(in contrast to entire groups, as in selective prevention) who show biological markers for obesity or who are already overweight but do not meet the diagnostic criteria for obesity. Risk factors for such individuals include a family history of obesity as well as biological markers and the development of early symptoms of the disorder. Although research is still in the preliminary stages of identifying reliable biological markers, programs that target individuals who are already overweight (or whose health risks are increased owing to their weight and/or a sedentary lifestyle) may prove effective.

Outcome Measures for Indicated Prevention Programs

There are two outcome measures for indicated prevention programs:

  1. reduction in the number of obese people who go on to develop obesity-related comorbidities (e.g., reduced adult obesity among overweight children receiving intervention in childhood); and

  2. increase in the number of obese people who are successful in attaining and maintaining relatively small weight losses (e.g., 10 percent of initial body weight) and a decrease in the number who gain a small amount of weight (e.g., 2 kg).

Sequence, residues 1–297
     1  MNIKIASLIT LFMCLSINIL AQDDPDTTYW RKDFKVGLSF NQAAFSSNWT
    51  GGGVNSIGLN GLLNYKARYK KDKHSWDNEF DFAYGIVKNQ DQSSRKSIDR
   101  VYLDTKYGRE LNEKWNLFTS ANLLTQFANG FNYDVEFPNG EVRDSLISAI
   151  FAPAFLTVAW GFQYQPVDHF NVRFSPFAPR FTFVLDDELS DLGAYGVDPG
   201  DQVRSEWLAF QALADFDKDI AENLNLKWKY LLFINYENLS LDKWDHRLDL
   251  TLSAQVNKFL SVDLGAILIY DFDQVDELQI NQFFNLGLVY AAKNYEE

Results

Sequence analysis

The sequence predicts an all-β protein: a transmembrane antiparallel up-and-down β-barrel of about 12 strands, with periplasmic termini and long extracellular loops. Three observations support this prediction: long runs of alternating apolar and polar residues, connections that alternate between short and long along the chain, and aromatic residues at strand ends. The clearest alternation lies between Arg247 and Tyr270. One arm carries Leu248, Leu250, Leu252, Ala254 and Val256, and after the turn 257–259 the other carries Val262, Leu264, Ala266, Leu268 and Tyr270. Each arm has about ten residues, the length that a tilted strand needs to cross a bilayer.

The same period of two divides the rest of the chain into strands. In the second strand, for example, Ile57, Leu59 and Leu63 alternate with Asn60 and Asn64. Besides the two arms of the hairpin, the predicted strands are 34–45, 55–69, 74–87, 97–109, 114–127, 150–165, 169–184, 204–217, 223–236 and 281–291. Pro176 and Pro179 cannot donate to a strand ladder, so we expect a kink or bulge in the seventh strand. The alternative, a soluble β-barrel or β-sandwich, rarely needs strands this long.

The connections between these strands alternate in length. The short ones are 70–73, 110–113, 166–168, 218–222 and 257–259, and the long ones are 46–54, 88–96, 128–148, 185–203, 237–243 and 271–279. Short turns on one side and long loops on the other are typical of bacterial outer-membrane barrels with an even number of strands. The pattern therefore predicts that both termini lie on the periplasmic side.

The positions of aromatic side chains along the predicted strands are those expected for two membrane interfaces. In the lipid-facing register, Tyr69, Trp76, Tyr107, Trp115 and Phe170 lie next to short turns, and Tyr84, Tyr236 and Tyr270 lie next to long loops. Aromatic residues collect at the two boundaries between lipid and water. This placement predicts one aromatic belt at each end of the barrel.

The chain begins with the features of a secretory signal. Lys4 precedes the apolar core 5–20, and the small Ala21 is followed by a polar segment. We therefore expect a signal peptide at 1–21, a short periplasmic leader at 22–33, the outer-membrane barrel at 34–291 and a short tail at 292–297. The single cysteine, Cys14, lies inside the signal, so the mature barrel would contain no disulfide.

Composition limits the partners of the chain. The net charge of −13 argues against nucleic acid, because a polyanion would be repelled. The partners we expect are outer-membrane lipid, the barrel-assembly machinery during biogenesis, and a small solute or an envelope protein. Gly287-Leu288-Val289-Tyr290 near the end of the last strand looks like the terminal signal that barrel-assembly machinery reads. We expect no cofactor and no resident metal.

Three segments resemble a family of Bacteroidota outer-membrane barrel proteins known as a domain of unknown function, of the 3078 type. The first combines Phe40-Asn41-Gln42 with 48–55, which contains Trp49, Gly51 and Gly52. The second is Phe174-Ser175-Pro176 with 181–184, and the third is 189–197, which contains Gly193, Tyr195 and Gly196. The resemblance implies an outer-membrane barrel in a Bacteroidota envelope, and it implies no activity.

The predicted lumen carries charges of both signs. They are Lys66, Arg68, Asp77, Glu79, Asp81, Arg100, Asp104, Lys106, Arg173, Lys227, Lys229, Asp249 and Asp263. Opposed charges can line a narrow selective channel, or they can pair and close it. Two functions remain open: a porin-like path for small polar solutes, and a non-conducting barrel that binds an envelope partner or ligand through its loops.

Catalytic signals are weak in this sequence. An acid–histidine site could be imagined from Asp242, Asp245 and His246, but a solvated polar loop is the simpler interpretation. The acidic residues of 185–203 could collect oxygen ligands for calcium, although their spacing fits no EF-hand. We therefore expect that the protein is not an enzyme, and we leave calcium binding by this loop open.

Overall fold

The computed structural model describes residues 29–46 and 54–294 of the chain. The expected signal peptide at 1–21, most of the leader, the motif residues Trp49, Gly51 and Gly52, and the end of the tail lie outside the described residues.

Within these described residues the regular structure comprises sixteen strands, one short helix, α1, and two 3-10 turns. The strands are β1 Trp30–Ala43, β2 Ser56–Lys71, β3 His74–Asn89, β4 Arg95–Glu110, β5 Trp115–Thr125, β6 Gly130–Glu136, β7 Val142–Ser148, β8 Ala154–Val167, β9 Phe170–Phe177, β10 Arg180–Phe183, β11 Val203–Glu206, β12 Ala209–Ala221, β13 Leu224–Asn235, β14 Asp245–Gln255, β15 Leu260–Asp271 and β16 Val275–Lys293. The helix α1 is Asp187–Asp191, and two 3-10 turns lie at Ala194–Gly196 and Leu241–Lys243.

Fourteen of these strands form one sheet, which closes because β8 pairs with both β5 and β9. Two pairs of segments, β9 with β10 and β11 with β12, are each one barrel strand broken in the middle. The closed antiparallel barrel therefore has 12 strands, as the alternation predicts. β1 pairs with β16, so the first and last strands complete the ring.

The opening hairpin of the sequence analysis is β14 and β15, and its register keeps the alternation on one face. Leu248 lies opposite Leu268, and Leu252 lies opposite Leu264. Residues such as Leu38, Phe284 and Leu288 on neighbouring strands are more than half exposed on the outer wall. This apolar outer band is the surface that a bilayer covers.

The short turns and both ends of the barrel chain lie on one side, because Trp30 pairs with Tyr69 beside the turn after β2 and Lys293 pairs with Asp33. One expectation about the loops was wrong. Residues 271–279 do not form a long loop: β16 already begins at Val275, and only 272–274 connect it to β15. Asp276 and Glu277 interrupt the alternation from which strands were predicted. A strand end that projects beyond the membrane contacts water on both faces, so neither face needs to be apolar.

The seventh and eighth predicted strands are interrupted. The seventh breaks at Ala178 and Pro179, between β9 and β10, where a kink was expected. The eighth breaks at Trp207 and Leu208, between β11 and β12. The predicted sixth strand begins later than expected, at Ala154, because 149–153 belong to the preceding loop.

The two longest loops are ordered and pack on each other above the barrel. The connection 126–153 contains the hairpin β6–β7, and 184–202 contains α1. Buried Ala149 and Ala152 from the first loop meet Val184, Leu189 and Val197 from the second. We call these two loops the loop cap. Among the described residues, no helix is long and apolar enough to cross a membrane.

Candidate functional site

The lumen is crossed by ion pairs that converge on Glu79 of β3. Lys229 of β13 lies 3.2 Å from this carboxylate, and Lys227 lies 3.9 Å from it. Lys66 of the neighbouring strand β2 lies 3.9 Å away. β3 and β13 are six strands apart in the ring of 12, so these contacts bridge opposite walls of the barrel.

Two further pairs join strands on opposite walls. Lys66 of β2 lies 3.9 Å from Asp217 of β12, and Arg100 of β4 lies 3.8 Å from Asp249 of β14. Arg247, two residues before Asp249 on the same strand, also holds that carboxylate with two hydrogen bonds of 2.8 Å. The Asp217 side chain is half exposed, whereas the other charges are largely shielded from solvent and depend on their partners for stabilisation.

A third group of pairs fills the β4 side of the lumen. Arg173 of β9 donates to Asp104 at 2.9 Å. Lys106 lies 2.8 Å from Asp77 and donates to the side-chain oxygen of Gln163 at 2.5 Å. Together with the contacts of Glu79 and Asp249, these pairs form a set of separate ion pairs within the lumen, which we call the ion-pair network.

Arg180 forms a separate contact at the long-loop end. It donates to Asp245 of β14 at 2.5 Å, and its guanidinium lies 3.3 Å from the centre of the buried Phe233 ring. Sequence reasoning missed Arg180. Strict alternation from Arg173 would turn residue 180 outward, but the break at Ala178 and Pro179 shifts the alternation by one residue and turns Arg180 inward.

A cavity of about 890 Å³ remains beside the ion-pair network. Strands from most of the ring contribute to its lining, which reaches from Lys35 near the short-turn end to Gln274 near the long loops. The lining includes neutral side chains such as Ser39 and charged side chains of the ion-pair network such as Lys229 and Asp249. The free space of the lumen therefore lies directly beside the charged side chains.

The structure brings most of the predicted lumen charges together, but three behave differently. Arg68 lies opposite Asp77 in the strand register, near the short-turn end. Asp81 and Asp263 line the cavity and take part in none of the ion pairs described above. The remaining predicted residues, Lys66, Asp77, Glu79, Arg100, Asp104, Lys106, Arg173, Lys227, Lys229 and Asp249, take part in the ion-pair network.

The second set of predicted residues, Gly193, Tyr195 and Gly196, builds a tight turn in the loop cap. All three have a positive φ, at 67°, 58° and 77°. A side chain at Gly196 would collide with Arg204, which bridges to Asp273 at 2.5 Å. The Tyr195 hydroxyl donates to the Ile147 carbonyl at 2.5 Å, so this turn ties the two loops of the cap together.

Examples of Indicated Prevention

Promising results have been reported by Epstein et al. (1990c). Although this study could also be considered a treatment program for obese children (since subjects had to be ≥ 20 percent over ideal body weight for age, height, and sex), its goal was to prevent adult obesity. We include this study as an example because the same approach could be adopted with children who are overweight but not obese. In the study, Epstein and colleagues used a prospective, randomized design to examine the effects of behavioral, family-based treatment on percent overweight and growth over 10 years in obese 6- to 12-year-old children. Obese children with their parents were randomized to three groups that were provided similar diet, exercise, and behavior-management training, but differed in the way in which behavioral reinforcement was provided. In one group, both parent and child were reinforced; in the second only the child was reinforced. The third group was a nonspecific control group in which families were reinforced for attendance only. Children in the first group showed significantly greater decreases in percent overweight after 5 and 10 years (-11.2 and -7.5 percent, respectively) than children in the nonspecific control group (+7.9 and +14.3 percent, respectively). Results of



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